Portugal’s Douro Valley is quite the destination these days. In fact, the Douro is one of the reasons Tom and I recently moved to nearby Porto! We explored some parts of the Douro region during earlier travels to Portugal, and have now begun to take a closer look at the river’s extraordinary history and the magnificent wines made here (port wine, yes, but many more). In May, we had an opportunity to spend the day with Ana Carvalho, who with her husband Marco Pinto, provides boutique Douro experiences. Ana was happy to share with us–and our readers–a personalized introduction to the scenery, food and wine of the Douro. It was a fitting complement to our first visit to a Douro port wine estate.
Douro Exclusive is aptly named: two Douro Valley natives on a mission to share with their guests, what they consider to be the most important features of their home, and to do it in comfort and style. From the moment Ana picked us up in her Mercedes van, through a day of good food, tantalizing stories and camaraderie with our small group, until she deposited us on our doorstep back in Porto, our Douro experience was exclusive, indeed.
The husband-and-wife team offer a set of finely-calibrated experiences, and tailor them to fit the interests and prior knowledge of their guests. Everyone in our group had tasted port wine in the lodges of Vila Nova de Gaia, and we all had some idea what the scenery would be like. What none of us expected, but Ana certainly delivered, were the many anecdotes and “fun facts” only a lifelong resident of such a place can know.
The new highway tunnel under Marão Mountain opened just a week before our day trip, shaving significant time off the journey from Porto. It also showed perfectly the effect that the low mountain range has on the climate of this region. As we entered the tunnel, we left the maritime-influenced weather of Porto and the southern reaches of Vinho Verde country behind. We emerged into a land of deeply ridged valleys and Mediterranean crops: olives, almonds, citrus fruits and of course, the vines that produce port wine.
To the heart of the Douro
In 1758, the Company for Alto Douro Vineyards and Agriculture laid the first of the granite landmarks used to set the boundaries for the region producing the so-called ‘shipping wines.’ Ana told us about the establishment of the world’s first demarcated wine region as we passed Sabrosa, birthplace of Ferdinand Magellan, and the historic village of Provesende, with its Baroque fountain and crumbling manor houses. We wound our way past port wine estates down to the Douro. By the time we reached Pinhão, at the heart of the valley, we had also learned of the changes coming to wine-making in the region.
Five leading winemakers in the valley, aka “the Douro Boys“, have combined forces to put Douro wine-production on the map, and the strategy is working. This region, perhaps more than others in Portugal, has gained considerable renown in the past several years for its high-quality red wines, featuring Portuguese grape varieties.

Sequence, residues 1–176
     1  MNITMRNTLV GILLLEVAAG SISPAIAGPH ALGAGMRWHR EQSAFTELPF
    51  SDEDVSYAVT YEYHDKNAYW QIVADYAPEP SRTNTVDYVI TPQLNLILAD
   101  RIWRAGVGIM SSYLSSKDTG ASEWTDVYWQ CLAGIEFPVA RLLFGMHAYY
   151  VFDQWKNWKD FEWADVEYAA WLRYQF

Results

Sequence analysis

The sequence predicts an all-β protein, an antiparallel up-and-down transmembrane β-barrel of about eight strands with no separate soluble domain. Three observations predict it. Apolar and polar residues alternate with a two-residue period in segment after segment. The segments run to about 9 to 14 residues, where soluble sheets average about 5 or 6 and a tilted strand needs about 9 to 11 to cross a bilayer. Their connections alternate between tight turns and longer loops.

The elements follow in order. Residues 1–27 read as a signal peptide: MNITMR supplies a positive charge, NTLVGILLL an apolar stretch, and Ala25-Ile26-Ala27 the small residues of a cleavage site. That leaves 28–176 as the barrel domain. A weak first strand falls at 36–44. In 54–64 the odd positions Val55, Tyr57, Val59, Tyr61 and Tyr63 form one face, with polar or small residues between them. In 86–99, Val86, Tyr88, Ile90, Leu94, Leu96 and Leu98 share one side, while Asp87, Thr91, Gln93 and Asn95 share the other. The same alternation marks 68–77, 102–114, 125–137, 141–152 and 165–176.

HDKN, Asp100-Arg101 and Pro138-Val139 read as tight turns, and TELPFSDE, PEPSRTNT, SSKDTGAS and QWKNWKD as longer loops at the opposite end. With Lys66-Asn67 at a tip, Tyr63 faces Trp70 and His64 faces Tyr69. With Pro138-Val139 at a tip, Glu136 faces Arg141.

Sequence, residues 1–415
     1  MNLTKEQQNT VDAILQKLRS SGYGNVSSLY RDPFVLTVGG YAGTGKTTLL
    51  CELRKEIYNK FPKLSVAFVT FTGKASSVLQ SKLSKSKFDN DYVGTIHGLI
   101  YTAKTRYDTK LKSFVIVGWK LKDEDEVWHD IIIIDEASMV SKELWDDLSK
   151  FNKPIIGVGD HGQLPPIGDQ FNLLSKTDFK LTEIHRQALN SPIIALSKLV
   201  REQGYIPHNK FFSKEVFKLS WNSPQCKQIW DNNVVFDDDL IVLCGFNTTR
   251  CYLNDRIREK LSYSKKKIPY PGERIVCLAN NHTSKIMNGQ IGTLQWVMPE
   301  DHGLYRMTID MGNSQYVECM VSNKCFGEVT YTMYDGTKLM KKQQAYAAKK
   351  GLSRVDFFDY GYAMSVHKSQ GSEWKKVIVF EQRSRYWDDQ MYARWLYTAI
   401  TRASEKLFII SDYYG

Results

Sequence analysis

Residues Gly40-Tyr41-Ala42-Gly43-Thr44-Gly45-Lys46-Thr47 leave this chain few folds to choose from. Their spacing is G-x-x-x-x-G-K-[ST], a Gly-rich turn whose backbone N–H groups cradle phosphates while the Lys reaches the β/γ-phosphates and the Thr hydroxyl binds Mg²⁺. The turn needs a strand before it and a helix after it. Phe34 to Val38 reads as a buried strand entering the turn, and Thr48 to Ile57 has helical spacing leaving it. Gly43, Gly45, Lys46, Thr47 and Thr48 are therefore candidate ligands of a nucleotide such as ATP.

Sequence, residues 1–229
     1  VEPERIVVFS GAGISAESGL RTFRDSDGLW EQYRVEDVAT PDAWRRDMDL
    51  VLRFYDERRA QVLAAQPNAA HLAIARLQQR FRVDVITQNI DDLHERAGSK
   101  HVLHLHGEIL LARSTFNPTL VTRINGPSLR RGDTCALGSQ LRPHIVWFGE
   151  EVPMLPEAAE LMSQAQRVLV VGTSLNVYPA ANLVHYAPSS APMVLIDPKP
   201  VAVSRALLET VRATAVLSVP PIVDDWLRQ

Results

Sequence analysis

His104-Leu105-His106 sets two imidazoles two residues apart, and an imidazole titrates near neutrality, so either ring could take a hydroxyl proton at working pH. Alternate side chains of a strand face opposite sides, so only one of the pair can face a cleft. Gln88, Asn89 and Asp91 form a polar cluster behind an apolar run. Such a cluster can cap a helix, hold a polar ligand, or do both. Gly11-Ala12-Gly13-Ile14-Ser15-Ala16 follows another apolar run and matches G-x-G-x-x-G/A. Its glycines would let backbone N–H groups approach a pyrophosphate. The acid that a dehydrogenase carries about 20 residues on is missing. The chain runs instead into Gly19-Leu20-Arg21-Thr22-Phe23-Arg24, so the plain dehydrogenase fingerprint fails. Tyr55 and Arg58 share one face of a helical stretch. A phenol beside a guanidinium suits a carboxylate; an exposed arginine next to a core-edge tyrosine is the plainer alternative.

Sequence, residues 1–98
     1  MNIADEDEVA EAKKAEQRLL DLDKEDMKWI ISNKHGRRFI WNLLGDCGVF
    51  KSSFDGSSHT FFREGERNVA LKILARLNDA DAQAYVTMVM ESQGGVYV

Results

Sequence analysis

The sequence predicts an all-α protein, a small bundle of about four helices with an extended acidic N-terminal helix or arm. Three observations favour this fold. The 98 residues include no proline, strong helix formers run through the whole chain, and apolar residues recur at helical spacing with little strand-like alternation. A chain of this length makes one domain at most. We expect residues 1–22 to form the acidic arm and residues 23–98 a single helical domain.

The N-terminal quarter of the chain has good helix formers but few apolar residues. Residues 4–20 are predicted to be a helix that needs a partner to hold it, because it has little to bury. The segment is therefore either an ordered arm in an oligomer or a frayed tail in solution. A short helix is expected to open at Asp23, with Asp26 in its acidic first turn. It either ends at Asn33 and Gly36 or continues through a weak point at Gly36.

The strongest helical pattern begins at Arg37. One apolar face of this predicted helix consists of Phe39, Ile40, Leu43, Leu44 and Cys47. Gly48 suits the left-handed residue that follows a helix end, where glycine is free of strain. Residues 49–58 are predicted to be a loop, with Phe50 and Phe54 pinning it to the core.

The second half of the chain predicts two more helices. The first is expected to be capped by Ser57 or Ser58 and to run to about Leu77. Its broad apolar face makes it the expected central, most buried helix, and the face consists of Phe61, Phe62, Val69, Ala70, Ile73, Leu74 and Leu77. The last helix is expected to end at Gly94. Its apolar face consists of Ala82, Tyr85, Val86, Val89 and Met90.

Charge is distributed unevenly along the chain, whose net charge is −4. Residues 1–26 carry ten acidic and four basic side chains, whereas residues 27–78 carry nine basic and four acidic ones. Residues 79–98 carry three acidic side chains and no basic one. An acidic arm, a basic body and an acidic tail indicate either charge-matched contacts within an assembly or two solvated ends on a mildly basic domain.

‘Nothing pleases me more than sharing (with our guests) the life of my ancestors.’
In Pinhão, we boarded a boat much like the river boats–called rabelos–originally used to transport barrels of wine to the port lodges at the mouth of the Douro in Vila Nova de Gaia. We passed under the Pinhão bridge, passing wineries bearing the names of venerable port houses. Gliding east and around a bend in the river, it was hard to picture the Douro as the wild river it was in the early days of port wine-making.
Tom and I have enjoyed a variety of port wines, from luscious tawnies–wood-aged and a light brown in color–to some fine Vintage Ports and excellent whites. But on our Douro run with Ana, she offered a glass of something very special, and completely unknown to us until our tour with Douro Exclusive: Vinho Generoso.
This unfiltered, barrel-aged wine has the character of tawny port, plus sediment that is literally worth its weight in gold. Drawn directly from the barrel, it is cloudy and comes in shades of amber. Every glass also comes with a story, often a legacy from a previous generation. Makers of Vinho Generoso must register these wines with the Port Wine Institute, but cannot sell it. They can share it, however, as Ana did with us. Uniquely Douro, and how shall I say…”generous!”
“This is our Douro!”
–Ana Carvalho, Douro Exclusive
With a drive through gorgeous scenery and relaxing on the river behind us, it was time to get serious about sampling Portuguese flavors, Douro style. Our day continued with a visit to a boutique port house, fine dining on the banks of the river and a visit with an award-winning vintner. Stay tuned!
If you go
- We highly recommend enjoying the scenery both from the river and from above. Sky and vineyards are reflected in the river in an ever-changing ripple of color, and a short boat ride adds to the experience.
- Ask to stop by the Pinhão train station, one of the prettiest in Portugal. Its azulejos depict scenes of life along the valley, and wine-growing traditions, from harvesting grapes to shipping barrels of red wine on old-fashioned rabelo.
- If time allows, ask to add one or more of the Douro’s traditional wine-producing villages, such as Provesende (manor houses and bolo de carne, or meat cakes) or Favaios (known for four-corner bread and Moscatel fortified wine and) to your itinerary.
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Many thanks to Douro Exclusive for our boutique experience along Portugal’s Douro River. It was a day designed with us in mind, and one we will not soon forget!